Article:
Bob is a service technician who is well trained and nationally certified. However, he has sometimes suffered from the same confusion that all technicians occasionally do — the facts that he gathers may or may not point to the obvious cause of the problem or the best solution. But Bob has had something that no one else has. He recalled his long-time HVACR mentor and imagines him accompanying him as “Btu Buddy,” someone who reminded him to take time to stop and think before rushing to judgment, helping keep him on the right track, even with facts that are confusing.
Now, Bob’s company has promoted him to help train a new employee, right out of a school specializing in HVAC, just like Bob was. Bob is now Tim’s Btu Buddy. Tim is anxious to travel with Bob. Tim realizes that he is right out of school, with the theory and lab work that he accomplished in school, but still needs help. He knows that he worked with many of the components of the systems in the school, under ideal conditions with good light and air conditioning. Now it is into the field, sometimes under the house with poor lighting, or out on the rooftop in the sun, where the real action is. He is naturally and normally reluctant, but he has Bob to help guide him.
Bob and Tim were on their first service call of the winter season. A customer wanted them to perform service on their furnace to make sure that the unit was in good working order for the winter.
Bob and Tim had arrived and were talking to the customer when he said, “I want you to go over my gas furnace. I have had it for about six years and have never had a service call. It is a high-efficiency furnace and has been giving good service, but I think it’s time to have a professional look it over.”
Bob told the customer, “We are well schooled on this type of furnace. We go to a service refresher class every year. This has been a very popular model of furnace and gives reliable service.”
Bob and Tim went to the basement where the furnace was located and did a visual inspection. They removed the filter and looked at the fan motor which seemed to be in good shape and had no buildup of dust on the fan wheel. They took a flashlight and examined the cooling coil and found it to be clean. They oiled the motor and replaced the filter.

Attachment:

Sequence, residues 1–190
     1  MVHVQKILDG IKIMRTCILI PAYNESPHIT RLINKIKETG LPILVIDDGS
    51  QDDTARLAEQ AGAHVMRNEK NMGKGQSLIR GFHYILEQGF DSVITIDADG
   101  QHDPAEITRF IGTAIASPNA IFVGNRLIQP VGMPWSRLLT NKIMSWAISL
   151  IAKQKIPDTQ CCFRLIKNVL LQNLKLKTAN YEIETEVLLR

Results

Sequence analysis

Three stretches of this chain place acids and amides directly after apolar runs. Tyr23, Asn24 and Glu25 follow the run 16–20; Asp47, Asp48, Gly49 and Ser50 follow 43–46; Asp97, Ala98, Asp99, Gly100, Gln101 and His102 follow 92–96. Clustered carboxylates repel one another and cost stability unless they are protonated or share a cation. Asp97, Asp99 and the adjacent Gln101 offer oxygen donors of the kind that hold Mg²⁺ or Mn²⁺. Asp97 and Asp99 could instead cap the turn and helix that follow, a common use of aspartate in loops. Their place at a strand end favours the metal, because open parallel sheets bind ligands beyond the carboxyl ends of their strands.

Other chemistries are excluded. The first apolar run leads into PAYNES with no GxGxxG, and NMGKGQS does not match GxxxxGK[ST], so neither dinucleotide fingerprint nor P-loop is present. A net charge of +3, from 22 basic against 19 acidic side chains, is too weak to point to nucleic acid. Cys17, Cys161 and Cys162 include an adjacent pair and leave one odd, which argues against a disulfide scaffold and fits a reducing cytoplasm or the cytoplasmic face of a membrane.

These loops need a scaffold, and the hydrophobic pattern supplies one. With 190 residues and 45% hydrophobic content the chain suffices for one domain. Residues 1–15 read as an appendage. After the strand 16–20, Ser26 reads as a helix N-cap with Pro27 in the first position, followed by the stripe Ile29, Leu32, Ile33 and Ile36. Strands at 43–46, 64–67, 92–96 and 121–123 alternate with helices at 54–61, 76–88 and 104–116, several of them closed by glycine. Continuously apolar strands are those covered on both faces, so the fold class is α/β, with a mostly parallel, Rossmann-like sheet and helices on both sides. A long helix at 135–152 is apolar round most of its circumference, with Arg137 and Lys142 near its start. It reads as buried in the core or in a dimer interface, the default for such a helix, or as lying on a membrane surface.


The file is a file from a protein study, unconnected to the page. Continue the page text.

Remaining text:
Bob then told Tim to go upstairs to the thermostat and turn it to heat and turn the thermostat up. Meanwhile Bob turned off the disconnect switch at the furnace so that he could control the furnace startup from the furnace location.
When Tim returned, Bob said, “When we start the furnace look through the glass porthole and watch the burner light from the pilot light. This furnace has a hot surface ignition system and you should see the hot surface igniter start glowing and then the pilot light will light. When the pilot light ignites, the electronics will prove that there is a pilot light burning before allowing gas to the main gas valve.”
Tim flipped on the switch and looked through the sight glass to watch for the hot surface igniter. He said, “I don’t see anything. I don’t hear anything. I don’t think anything is happening in this furnace. What do we do next?”
Bob said, “Turn the power off and let’s remove the burner access panel.”
After they had removed the burner access panel, Bob said, “Look at the hot surface igniter and see what you see.”